17
Nov 06

T REX – “Hot Love”

FT + Popular170 comments • 21,877 views

#298, 20th March 1971

I long ago read a piece by Jonathan King, an attack on 70s pop as opposed to the 60s version. King’s argument was that the big stars who emerged in the early seventies – Bolan, Bowie, Elton – were all failed sixties wannabes who had only managed to become famous because the real stars had cleared the pitch. (“JK” himself was exempt from this, naturally, because of “Everyone’s Gone To The Moon”).

Obviously this argument is bogglingly unfair (you might as well say that the Beatles were failed skiffle stars) but for Bolan and Bowie he is touching on something important. Both men had been around the scene since the mid-60s, trying on and shaking off styles, hunting for the look and sound that would give them their breakthrough. Bowie turned that restlessness into a schtick in itself; Bolan’s winning style was so monolithically perfect he stuck with it until he died. (There’s a lot more pleasure and depth in the Bowie catalogue, but none of his singles – and few of anybody’s – are as magnificently formed as “Hot Love”, “Metal Guru”, “Children Of The Revolution”, et al.)

These prehistories of relative failure make pop more interesting. They seem less common now than they did when I was a kid, though. Take the Stone Roses, a band who won’t be bothering Popular but who have muscled into the canon on the strength of their debut album. At the time the NME let us know soon enough that the Roses had spent half a decade clattering round the Manchester Goth scene, casting about for a style, thinking very hard about how to craft a sound and image. I didn’t love them any less for it. When the word “manufactured” has such common currency in pop, it’s worth being reminded that almost every great act involves at least a degree of self-manufacture.

Self-manufacture was the front-and-centre principle of glam rock. Though Marc Bolan looked terrific, I’ll save comments on the imagery of glam for later: in any case, “Hot Love” is all about a band excited by sonic possibilities, possibilities opened up by the simple addition of drums and bass to T Rex’s nursery-rhyme pop-folk. The name for the possibilities is “groove”, and “Hot Love”‘s is wickedly playful – those staccato drum flourishes are like chorus-line high kicks, and though the song starts as a blues pastiche a la “Baby Jump”, this is a teasing, confident re-imagining of the blues, not a cack-handed sardonic plod through them. (The “Hot Love” groove is also highly enduring – I first fell in love with the song in Justus Kohnke’s version, by which time the rhythm had been brushed up, digitised, and called schaffel)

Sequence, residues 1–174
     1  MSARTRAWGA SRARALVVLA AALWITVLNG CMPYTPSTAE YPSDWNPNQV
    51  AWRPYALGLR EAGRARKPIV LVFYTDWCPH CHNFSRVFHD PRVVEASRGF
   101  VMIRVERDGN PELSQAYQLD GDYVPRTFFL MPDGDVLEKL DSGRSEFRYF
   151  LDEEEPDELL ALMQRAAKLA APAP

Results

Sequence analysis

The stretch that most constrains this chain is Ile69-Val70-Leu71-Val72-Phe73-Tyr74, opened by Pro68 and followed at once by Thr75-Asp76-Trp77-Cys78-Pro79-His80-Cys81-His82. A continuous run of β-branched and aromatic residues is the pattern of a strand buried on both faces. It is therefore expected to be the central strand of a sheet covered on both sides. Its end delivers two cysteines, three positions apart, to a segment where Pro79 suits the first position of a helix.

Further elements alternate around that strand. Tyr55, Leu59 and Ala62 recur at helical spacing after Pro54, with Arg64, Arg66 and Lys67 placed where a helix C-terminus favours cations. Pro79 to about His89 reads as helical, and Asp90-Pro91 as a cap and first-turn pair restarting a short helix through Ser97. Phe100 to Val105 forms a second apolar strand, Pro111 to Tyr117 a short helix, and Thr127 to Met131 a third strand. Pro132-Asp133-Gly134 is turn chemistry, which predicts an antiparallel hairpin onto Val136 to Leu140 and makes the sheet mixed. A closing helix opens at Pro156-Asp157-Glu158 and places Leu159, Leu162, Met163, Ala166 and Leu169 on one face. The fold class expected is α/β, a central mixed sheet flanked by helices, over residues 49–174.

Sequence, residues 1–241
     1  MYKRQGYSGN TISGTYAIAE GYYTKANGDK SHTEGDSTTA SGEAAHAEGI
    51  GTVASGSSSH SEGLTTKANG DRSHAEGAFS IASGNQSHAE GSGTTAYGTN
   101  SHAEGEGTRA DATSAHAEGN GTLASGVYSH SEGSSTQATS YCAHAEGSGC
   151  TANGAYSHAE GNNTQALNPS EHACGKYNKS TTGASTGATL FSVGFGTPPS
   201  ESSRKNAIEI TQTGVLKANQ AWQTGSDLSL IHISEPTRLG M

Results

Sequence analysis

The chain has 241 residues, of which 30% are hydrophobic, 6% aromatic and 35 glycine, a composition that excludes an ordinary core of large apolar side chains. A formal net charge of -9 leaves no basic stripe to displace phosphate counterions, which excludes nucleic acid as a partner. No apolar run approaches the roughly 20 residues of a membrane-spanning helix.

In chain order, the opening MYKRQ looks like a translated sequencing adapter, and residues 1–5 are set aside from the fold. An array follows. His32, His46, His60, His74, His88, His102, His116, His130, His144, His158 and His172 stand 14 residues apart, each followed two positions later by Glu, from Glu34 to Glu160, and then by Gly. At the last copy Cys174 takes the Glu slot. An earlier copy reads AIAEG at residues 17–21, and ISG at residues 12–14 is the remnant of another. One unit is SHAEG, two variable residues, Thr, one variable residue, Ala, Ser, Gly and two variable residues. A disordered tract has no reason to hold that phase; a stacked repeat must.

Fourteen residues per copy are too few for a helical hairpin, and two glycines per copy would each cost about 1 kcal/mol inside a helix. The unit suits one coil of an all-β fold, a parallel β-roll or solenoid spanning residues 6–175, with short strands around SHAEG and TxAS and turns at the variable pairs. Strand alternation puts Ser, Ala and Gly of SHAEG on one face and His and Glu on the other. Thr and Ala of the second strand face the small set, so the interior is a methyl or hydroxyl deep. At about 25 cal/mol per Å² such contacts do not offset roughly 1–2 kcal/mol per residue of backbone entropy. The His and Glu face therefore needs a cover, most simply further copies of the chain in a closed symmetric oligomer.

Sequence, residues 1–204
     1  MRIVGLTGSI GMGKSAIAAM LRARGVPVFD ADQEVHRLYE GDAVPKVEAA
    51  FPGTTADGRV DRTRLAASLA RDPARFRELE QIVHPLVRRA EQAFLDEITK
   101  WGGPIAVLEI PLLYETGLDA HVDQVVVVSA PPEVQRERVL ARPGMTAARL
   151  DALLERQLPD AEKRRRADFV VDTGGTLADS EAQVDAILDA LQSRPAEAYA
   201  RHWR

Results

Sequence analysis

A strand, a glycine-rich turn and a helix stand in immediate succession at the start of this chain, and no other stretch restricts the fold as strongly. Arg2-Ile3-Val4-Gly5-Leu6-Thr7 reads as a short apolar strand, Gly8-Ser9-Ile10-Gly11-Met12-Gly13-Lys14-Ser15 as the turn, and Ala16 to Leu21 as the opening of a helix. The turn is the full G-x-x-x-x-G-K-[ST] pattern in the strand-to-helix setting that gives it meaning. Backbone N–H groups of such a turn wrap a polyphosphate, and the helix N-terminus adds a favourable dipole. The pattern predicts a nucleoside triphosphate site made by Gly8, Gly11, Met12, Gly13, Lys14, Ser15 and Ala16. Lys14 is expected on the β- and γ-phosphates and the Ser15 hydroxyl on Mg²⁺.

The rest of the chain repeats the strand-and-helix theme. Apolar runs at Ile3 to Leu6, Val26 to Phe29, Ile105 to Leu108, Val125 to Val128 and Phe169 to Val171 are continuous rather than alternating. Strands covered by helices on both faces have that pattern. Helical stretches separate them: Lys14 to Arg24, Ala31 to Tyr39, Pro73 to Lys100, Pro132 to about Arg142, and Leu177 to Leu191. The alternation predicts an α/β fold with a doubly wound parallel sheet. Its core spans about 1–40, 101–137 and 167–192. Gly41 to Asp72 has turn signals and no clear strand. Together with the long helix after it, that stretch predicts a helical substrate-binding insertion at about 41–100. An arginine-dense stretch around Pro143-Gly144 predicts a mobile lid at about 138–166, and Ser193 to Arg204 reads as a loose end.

The band in fact get so excited that they never want to stop. We’ve had massive codas in pop before, of course, in fact we’ve had a big “na-na-na” singalong finale feature on this blog quite recently. So why does “Hot Love” work and “Hey Jude” not? It’s faster, which never hurts. And partly it’s that sense of possibility – “Hey Jude” is the biggest band in the world throwing its weight around, whereas “Hot Love” is a new-ish kid on the block, giddy with the excitement of having found his very own philosophers stone. Also the build-up to the coda is different – with “Hey Jude” the song has been getting bigger and heavier for several minutes anyway, so the coda is like a cumbersome supertanker gradually braking. “Hot Love” doesn’t have much build-up, so the coda feels much cheekier. Every time Bolan starts another round of “la la la”s he sounds like he’s getting away with something, rewriting more of the world in his newborn glitter image, and then inviting us to join in for as long as we dare make it last.

{democracy:20}

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Comments

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  1. 91
    wichita lineman on 14 Jun 2012 #

    Straight, as in non-hippie. Lots of Country Joe & the Fish-type action but for singers like Sinatra and Crosby to be investigating the American Dream was a new and shortlived trend. Pitney and Orbison were no rebels, either (see Nik Cohn’s description of the former in Awopbopaloobop). Dion was from the pre-Beatles era, yes, but he wasn’t a straight – he was a blue and folk-loving junkie! But AM&J certainly fits songwise.

    Gosh, how I love Billy You’re My Friend.

  2. 92
    Mutley on 15 Jun 2012 #